By Bill Arceneaux
What does “Smells Like Teen Spirit” have to do with Peter Pan? I don’t know, but it was fun. Why was a young Hook talking like a character from O Brother Where Art Though? I don’t know, but it worked. How come colorful smoke replaced human blood? I don’t know, but… I don’t know. Decisions, decisions, decisions. Directorial decisions.
A movie most baffling, Pan is quite a distracting show of lights. It’s big, it’s bold, it’s loud, it’s proud. Good? That depends on your personal threshold for oddities. And this is one large oddity. The only comparable movies from this year that I can think of would be Jupiter Ascending and Chappie. Those two were fun because they were weird. Because of the decisions made. Because they exist.
It’s a what if style retelling of the origins of the beloved Peter Pan and his domain of Neverland, It’s also mired in clichés and the all too familiar. As an orphan during WW2, Peter is scooped up by inter dimensional (?) pirates to work in a fairy dust mine, at the behest of Blackbeard. From here, we meet a young adult Hook, who starts a Luke/Han friendship with Peter. From here, we meet the very Caucasian Tiger Lily, who tells of a chosen one prophecy that Peter will fulfill. From here, we get adventure shenanigans, lackluster swordfights and over the top effects. And, from here, the story of Pan’s beginning is told. Maybe not understood or cared for, but told nonetheless.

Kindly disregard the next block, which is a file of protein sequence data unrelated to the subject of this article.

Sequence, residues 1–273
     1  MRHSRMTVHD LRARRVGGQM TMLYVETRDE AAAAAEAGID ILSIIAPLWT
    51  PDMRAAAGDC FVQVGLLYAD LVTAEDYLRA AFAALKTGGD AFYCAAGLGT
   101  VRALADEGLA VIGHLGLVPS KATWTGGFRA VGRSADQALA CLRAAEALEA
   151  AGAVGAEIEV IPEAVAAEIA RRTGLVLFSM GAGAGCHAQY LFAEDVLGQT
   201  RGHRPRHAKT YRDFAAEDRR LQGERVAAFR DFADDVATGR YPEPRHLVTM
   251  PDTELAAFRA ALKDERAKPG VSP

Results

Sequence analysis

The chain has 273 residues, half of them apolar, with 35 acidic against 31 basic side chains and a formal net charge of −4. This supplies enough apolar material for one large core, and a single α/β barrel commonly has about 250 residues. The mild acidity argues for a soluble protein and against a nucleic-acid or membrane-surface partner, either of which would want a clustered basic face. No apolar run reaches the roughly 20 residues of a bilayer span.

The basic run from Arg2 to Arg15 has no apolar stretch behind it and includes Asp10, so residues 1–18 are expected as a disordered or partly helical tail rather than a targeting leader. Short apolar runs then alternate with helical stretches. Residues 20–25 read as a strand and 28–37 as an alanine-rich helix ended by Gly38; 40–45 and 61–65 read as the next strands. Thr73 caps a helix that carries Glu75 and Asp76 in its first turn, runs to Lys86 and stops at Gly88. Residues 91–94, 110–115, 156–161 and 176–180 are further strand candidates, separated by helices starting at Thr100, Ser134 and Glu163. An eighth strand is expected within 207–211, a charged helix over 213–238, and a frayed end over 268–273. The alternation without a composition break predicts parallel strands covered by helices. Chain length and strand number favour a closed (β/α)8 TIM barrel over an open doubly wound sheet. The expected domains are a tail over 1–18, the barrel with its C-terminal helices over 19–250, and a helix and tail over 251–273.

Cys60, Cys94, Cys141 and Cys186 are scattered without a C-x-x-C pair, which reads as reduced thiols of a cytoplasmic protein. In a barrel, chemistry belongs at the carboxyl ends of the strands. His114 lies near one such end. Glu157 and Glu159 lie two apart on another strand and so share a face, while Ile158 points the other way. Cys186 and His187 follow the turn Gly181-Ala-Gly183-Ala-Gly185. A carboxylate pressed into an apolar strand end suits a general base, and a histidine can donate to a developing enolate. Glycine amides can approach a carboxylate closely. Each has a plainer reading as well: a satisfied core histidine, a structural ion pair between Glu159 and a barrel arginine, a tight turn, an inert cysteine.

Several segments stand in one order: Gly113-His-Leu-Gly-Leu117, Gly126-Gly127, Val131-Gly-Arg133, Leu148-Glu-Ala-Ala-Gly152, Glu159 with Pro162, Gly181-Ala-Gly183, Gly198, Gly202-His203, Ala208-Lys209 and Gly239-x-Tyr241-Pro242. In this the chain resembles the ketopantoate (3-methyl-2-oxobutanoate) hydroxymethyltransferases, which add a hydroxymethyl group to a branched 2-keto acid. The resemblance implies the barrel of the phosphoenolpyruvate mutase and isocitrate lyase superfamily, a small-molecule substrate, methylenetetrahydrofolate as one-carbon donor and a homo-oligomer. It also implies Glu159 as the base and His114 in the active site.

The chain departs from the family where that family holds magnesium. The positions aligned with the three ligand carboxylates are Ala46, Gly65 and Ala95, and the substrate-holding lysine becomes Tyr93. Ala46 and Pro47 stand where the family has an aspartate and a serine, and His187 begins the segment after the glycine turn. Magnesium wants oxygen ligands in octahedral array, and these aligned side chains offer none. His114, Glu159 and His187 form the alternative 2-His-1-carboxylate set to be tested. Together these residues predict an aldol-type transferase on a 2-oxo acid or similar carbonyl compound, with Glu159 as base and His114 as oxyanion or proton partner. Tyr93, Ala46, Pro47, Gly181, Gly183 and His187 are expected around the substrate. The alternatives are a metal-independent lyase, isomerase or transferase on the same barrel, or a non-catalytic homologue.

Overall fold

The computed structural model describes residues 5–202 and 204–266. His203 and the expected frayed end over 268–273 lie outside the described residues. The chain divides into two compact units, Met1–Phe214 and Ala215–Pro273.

So… why is this movie fun?
Filmmaker Joe Wright is bombastic. Perhaps it gets blurry from time to time, but his visions are a sight for sore eyes. Pan is so chock full of bright visuals, both original and referential, that they hold our attention completely. Imaginative sequences and stunts within the brightness help move that attention along, even past the rudimentary story elements. Wright understands the parameters of classic cinema, and knows how to break away when need be. If this were a silent production, it might be spectacular. However, as a talkie, the glorious look just can’t be relied on throughout by itself.
While Jupiter Ascending was more bonkers, and Chappie was more edgy (if you will), Pan is more… clever? More… creative? More… well rounded? It’s certainly more something. And that something is what I dig about it. Sometimes, sticking out in a crowd makes you unique. Though, sometimes, there isn’t much under the surface than that. Can sheer appearance be all you need?
I don’t know, but…